6. Application Information

a. Application Submission. Applications must be submitted electronically to the individual email address for the respective Forest Service Regional Biomass Coordinator listed in the ADDRESSES section of this announcement by 11:59 p.m. on May 20, 2014. NO EXCEPTIONS. Paper submittals will not be accepted. If submitted through www.grants.gov, the application must be submitted by 11:59 p.m. on May 20, 2014. Your Forest Service Region is generally determined by the State where the majority of the proposed work will be conducted under the cooperative agreement. In a few instances, two Forest Service regions may exist in one State. Forest Service regions can be located at http://www.fs.fed.us/maps/products/guide-national-forests09.pdf. Consult with the respective Forest Service Regional Biomass Coordinator if you are not certain which Region would apply.

b. Application Format and Content. Each submittal must consist of two separate PDF (or Word) files, as follows:

1. Proposal narrative and appendices (SWET Application Part 1 & Part 2, and Appendices)

2. Financial forms (SWET Application Part 3)

Text must be no smaller than 11 point font. A normal page in an application is defined as 8.5 inches by 11 inches with at least1/2-inch margins. Submit all application information at the same time. The application template and financial forms can be found at http://www.na.fs.fed.us/werc under 2014 Statewide Wood Energy Teams.

A complete application includes the following items:

1. SWET Project Application, Part 1: Cooperator Contact Information

2. SWET Project Application, Part 2: Narrative Proposal, Program of Work, and Required Appendices

3. SWET Project Application, Part 3: Financial Forms must include SF-424, SF-424A, SF-424B, AD-1047, AD-1049 (or AD-1052 for States and State agencies), AD-3030, and FS-1500-35 (certificate regarding lobbying activities).

A maximum of 11 pages per proposal for items #1 through #5 listed below will be accepted:

1. Qualifications and Summary Portfolio of Team Members (1.5 pages)

  • Include each team member's name, affiliation, and years of experience in wood energy, including combustion technology, wood sourcing, financing, and community outreach.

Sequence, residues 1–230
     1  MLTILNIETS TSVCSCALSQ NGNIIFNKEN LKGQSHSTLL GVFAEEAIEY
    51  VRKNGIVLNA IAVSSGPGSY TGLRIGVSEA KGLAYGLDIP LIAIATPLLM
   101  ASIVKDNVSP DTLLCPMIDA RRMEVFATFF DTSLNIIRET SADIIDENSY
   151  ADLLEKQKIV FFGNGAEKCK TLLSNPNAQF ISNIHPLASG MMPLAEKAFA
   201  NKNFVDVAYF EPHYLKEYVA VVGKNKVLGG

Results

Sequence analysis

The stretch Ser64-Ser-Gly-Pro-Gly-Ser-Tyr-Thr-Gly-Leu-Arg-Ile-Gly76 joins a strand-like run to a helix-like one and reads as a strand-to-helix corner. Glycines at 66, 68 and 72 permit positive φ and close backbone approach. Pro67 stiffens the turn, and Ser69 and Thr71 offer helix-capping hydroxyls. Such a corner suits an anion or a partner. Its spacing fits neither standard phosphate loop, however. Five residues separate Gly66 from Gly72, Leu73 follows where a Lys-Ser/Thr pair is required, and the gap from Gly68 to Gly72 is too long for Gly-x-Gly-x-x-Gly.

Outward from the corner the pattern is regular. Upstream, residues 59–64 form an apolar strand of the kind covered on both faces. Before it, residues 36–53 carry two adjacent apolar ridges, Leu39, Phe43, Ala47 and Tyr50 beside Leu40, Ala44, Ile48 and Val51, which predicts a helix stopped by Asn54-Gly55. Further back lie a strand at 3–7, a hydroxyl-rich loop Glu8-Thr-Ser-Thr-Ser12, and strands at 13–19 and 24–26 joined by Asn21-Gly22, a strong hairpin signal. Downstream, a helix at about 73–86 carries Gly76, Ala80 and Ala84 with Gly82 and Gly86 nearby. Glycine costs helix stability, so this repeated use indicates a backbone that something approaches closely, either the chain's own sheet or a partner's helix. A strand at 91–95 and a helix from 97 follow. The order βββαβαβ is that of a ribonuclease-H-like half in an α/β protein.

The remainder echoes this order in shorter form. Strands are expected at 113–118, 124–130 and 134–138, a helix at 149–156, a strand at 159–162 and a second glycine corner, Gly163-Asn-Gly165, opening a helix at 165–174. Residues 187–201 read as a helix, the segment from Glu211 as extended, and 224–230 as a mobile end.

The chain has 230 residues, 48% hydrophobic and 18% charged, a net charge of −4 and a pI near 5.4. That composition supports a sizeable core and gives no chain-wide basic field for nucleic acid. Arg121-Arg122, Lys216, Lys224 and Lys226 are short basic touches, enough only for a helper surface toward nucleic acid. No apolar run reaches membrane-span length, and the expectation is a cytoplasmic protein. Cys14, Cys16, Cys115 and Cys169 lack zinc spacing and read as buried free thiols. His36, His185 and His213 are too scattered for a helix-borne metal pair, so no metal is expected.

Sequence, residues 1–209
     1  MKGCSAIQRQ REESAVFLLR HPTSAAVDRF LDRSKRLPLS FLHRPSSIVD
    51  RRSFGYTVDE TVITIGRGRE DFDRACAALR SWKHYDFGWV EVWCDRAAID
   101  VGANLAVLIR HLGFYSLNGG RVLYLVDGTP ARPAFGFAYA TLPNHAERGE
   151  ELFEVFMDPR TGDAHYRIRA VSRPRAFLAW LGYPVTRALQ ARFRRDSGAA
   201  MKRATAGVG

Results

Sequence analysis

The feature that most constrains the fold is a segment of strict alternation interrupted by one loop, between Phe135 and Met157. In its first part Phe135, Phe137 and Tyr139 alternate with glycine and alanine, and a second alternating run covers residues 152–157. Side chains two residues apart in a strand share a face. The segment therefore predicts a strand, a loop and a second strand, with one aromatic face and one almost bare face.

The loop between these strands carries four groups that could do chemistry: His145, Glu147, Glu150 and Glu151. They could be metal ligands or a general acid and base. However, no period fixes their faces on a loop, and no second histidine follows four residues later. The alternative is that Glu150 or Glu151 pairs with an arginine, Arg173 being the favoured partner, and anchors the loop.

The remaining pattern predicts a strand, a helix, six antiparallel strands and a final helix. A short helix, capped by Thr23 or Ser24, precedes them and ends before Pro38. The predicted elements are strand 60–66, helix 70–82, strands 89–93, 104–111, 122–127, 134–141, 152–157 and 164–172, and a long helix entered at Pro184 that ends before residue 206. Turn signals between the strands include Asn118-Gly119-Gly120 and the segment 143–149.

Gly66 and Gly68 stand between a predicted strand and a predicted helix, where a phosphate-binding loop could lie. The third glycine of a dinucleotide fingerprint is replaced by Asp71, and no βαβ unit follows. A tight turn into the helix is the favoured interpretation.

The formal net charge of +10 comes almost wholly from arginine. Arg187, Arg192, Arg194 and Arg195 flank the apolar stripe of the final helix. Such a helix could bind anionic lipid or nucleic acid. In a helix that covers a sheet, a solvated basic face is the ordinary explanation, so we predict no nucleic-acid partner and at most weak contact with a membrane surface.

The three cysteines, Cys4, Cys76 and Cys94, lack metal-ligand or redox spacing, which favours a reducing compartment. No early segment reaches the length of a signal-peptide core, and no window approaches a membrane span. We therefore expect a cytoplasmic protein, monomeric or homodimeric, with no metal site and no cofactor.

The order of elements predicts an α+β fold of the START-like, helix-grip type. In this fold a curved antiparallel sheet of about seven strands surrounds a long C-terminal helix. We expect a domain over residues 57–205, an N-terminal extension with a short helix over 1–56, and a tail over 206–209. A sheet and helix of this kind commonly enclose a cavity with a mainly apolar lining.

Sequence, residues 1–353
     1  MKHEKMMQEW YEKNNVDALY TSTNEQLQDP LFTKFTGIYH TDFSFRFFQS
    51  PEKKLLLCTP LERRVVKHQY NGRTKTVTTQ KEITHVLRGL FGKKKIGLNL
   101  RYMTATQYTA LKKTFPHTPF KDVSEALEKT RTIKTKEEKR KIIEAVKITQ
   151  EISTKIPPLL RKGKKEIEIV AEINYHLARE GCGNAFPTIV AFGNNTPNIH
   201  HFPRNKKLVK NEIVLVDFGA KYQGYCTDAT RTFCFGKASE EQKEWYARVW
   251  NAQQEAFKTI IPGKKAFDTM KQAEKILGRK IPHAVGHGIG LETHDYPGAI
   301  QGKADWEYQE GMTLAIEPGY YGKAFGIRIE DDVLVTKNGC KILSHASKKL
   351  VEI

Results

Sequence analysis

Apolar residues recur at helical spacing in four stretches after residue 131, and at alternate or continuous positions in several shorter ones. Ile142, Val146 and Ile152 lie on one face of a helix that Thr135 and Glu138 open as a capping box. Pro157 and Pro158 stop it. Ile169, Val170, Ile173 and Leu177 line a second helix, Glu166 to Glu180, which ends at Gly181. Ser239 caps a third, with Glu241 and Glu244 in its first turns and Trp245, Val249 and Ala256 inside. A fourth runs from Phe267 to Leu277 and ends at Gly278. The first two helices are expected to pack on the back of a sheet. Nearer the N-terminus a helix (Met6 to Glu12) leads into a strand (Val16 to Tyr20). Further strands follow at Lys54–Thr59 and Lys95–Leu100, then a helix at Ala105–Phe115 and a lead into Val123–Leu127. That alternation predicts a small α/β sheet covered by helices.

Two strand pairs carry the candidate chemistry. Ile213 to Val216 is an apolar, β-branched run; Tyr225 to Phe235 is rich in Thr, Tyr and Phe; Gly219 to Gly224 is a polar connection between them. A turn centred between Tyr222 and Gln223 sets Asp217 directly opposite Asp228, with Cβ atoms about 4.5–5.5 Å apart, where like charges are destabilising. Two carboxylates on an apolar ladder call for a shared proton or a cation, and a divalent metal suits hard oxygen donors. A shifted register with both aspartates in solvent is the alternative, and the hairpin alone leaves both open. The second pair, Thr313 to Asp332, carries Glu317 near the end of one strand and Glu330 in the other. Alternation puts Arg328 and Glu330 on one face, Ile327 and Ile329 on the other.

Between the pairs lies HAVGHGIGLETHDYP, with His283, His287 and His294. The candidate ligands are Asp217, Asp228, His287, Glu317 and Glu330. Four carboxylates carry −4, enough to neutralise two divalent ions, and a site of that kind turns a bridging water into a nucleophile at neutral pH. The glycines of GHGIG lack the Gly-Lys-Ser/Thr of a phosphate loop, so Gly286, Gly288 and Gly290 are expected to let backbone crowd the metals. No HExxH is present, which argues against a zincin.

• Describe outreach to underserved communities or what has been done to incorporate participation from underserved communities.
  • Include a description of prior working relationships and accomplishments as a team, including Memoranda of Understanding (MOUs), charters, or other formal agreements.

2. Project Narrative (3.5 pages)

  • Describe how the team will be managed and which individuals will fill which roles.
  • Describe the team's experience leveraging funds and its plan to leverage funds to support the team's operation and achieve the required 1:1 match.
  • Describe methods for selecting areas of focus (e.g. geographic clusters, sector-based clusters, or larger projects to be targeted), including benefits regarding potential economies of scale and increased use of woody biomass.
  • Describe methods for solicitation and selection of projects.
  • Include the proposed geographic area where the team will work and the number of years requested for the cooperative agreement.

3. Program of Work (3.5 pages)

  • Describe statement of need and specific goals and objectives.
  • Describe projected accomplishments and deliverables, including estimated number of systems planned, under construction, and installed.
  • Describe communication and outreach activities that create social acceptance in communities where projects are targeted.
  • Describe monitoring plan, including annual and final reports provided to the agreement administrator, which will include summaries of community outreach activities, preliminary assessments, resource inventories, success stories, etc.
  • Describe timeframe for activities described.